All three cases fit a modern media trend to subtly (or not so subtly) skew the facts to confirm and excite the known biases of viewers. Rachel Maddow of MSNBC and Tucker Carlson of Fox News are arguably the most skillful maestros of this entertaining but polarizing technique. Their viewerships are massive as a result.
DeSantis reportedly supports two bills in the Florida legislature that would make it easier for victims of defamation to sue. The Senate version entails less change to existing laws, but is still seen as dangerous to press freedoms by most commentators.
The bills could force bloggers, for example, to register with the government—as lobbyists do. The law would treat information from anonymous sources as presumptively false, and make suits easier by allowing plaintiffs to recover attorney’s fees.
With current laws, suing for defamation is much easier for wealthy individuals who can afford to pay lawyers than it is for the less well-off. Since the 1964 Supreme Court ruling in New York Times Company v. Sullivan, however, the higher bar of “actual malice” required to prove defamation in the case of a public figure has protected journalists who make honest—rather than purposeful—mistakes.
Supreme Court Justice Neil Gorsuch argued in 2021 that the 1964 decision allowed occasional errors to protect a free press, but “has evolved into an ironclad subsidy for the publication of falsehoods by any means and on a scale previously unimaginable.”
The new Florida bills would likely be challenged and go to the U.S. Supreme Court, where they could be used by the new conservative majority to overturn New York Times Co. v. Sullivan as it overturned Roe v. Wade.
While some commentators have called the Florida bills “unconstitutional,” Carson Holloway, a Fellow at the Claremont Institute, said on the panel that the founders of the nation had a simpler understanding of libel and defamation that was more “morally sound” than the practice resulting from the Warren court of the 1960s.
“They didn’t have any theory that public figures have to demonstrate anything different than anyone else,” he said. “They didn’t have a theory of actual malice. They had a simple theory which was that libel or defamation is not part of freedom of the press.”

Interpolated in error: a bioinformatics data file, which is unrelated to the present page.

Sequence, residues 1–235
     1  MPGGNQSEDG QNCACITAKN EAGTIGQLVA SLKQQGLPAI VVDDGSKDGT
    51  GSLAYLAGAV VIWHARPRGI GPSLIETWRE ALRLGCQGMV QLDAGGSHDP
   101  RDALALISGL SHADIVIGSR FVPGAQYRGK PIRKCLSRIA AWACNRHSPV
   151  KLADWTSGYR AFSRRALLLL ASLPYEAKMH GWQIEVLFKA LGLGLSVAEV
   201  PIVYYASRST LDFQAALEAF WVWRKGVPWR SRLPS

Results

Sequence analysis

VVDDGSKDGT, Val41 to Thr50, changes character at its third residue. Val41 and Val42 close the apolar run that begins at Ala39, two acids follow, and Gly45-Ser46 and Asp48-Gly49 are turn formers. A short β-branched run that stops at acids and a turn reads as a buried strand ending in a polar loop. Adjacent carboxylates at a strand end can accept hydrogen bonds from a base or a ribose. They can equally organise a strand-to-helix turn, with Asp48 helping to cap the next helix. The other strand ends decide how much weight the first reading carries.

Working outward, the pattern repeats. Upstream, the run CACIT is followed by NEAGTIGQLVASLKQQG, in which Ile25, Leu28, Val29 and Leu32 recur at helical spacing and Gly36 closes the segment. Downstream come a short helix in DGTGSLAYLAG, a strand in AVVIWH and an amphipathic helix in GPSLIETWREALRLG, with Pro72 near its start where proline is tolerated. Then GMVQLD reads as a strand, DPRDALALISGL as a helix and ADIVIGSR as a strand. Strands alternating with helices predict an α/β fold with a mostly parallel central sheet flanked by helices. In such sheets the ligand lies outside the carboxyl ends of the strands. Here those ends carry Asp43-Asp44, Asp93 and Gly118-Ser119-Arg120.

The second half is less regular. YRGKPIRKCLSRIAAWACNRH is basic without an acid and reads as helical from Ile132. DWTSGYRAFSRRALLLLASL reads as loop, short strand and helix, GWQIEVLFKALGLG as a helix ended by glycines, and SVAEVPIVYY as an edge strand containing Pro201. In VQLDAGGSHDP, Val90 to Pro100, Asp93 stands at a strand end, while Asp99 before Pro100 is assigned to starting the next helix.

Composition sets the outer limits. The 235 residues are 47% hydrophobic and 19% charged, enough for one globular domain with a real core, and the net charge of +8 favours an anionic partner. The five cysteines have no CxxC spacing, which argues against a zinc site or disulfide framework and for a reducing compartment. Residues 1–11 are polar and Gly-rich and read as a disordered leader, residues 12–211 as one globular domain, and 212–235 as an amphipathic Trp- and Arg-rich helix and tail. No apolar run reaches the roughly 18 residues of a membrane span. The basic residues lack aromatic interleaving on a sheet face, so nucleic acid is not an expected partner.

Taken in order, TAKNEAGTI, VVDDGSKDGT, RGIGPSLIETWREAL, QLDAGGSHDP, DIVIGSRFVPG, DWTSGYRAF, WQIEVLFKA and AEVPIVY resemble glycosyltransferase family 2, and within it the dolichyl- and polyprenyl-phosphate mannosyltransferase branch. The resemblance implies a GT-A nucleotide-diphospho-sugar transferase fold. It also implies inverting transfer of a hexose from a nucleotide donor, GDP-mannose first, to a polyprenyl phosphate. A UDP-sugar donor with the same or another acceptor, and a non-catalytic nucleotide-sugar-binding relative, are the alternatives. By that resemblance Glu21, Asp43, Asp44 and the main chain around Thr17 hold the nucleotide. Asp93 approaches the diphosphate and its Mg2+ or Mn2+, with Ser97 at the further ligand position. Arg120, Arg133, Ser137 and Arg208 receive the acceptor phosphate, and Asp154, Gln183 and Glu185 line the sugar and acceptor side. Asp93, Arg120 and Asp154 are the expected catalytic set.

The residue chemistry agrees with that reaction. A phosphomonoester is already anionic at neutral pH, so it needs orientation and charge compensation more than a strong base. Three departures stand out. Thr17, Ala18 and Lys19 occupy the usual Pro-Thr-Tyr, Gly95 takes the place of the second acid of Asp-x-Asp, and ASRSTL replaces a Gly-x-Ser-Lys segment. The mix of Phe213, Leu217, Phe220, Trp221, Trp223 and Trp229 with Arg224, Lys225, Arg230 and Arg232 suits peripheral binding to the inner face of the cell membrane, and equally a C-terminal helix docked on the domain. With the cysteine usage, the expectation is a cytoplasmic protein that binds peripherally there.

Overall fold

Before 1964, U.S. defamation law more closely approximated the common law the United States inherited from England. That put stronger guardrails on what the press could claim as the truth to get new readers and higher profits.
Today the press “thinks with dollar signs,” said Libby Locke, a libel lawyer who participated on the panel. Economic consequences through private action for “lying about targets for reporting … to get ratings and to sell ads” will make the press accountable to their shareholders and insurers, she said. “The money speaks.”
Weak defamation laws in the United States compared to Britain and Europe could be contributing to the greater political partisanship of the American press. Media entities in the United States have more leeway to claim to have made an honest mistake when, in fact, they are taking advantage of a loophole to amplify partisan claims beyond the truth in a manner that excites their viewers and confirms their political biases. When both sides present in this way to already partisan viewers, they attract more attention through shock value and click-bait but, at the same time, increase polarization.
On the other hand, Seth Stern, Director of Advocacy for the Freedom of the Press Foundation, assembles the conservative arguments against the Florida bills. He writes that “expanding defamation liability … would cause the most harm not to mainstream media outlets that can afford lawyers but to independent news outlets and opinionated individuals, including conservatives, who cannot.”
Whatever side of the debate one adheres to, the Florida bills could be hugely consequential for the balance between protecting victims from defamation and protecting press freedom. The American public deserves a non-partisan discussion of both sides of the issue. Don’t expect to get them in this media environment.
Views expressed in this article are the opinions of the author and do not necessarily reflect the views of The Epoch Times.